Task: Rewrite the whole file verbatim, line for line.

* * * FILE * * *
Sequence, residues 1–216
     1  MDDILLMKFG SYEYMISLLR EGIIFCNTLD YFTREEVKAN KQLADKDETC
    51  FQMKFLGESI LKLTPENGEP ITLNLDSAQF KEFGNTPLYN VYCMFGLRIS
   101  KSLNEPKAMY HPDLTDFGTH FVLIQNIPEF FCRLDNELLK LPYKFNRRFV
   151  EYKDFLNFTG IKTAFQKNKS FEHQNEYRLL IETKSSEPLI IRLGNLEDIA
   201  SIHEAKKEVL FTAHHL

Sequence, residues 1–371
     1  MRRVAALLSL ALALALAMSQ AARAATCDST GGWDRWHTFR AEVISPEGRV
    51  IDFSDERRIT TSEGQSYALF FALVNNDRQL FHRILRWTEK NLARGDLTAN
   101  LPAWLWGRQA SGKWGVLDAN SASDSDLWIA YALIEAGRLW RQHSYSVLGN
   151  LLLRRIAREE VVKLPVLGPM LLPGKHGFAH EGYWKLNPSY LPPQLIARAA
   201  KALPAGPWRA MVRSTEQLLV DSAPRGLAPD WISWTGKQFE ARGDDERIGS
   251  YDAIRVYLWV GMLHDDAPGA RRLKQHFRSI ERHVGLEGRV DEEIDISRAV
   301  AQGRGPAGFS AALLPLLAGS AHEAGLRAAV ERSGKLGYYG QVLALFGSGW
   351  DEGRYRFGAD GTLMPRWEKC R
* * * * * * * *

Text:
Sequence, residues 1–216
     1  MDDILLMKFG SYEYMISLLR EGIIFCNTLD YFTREEVKAN KQLADKDETC
    51  FQMKFLGESI LKLTPENGEP ITLNLDSAQF KEFGNTPLYN VYCMFGLRIS
   101  KSLNEPKAMY HPDLTDFGTH FVLIQNIPEF FCRLDNELLK LPYKFNRRFV
   151  EYKDFLNFTG IKTAFQKNKS FEHQNEYRLL IETKSSEPLI IRLGNLEDIA
   201  SIHEAKKEVL FTAHHL

Sequence, residues 1–371
     1  MRRVAALLSL ALALALAMSQ AARAATCDST GGWDRWHTFR AEVISPEGRV
    51  IDFSDERRIT TSEGQSYALF FALVNNDRQL FHRILRWTEK NLARGDLTAN
   101  LPAWLWGRQA SGKWGVLDAN SASDSDLWIA YALIEAGRLW RQHSYSVLGN
   151  LLLRRIAREE VVKLPVLGPM LLPGKHGFAH EGYWKLNPSY LPPQLIARAA
   201  KALPAGPWRA MVRSTEQLLV DSAPRGLAPD WISWTGKQFE ARGDDERIGS
   251  YDAIRVYLWV GMLHDDAPGA RRLKQHFRSI ERHVGLEGRV DEEIDISRAV
   301  AQGRGPAGFS AALLPLLAGS AHEAGLRAAV ERSGKLGYYG QVLALFGSGW
   351  DEGRYRFGAD GTLMPRWEKC R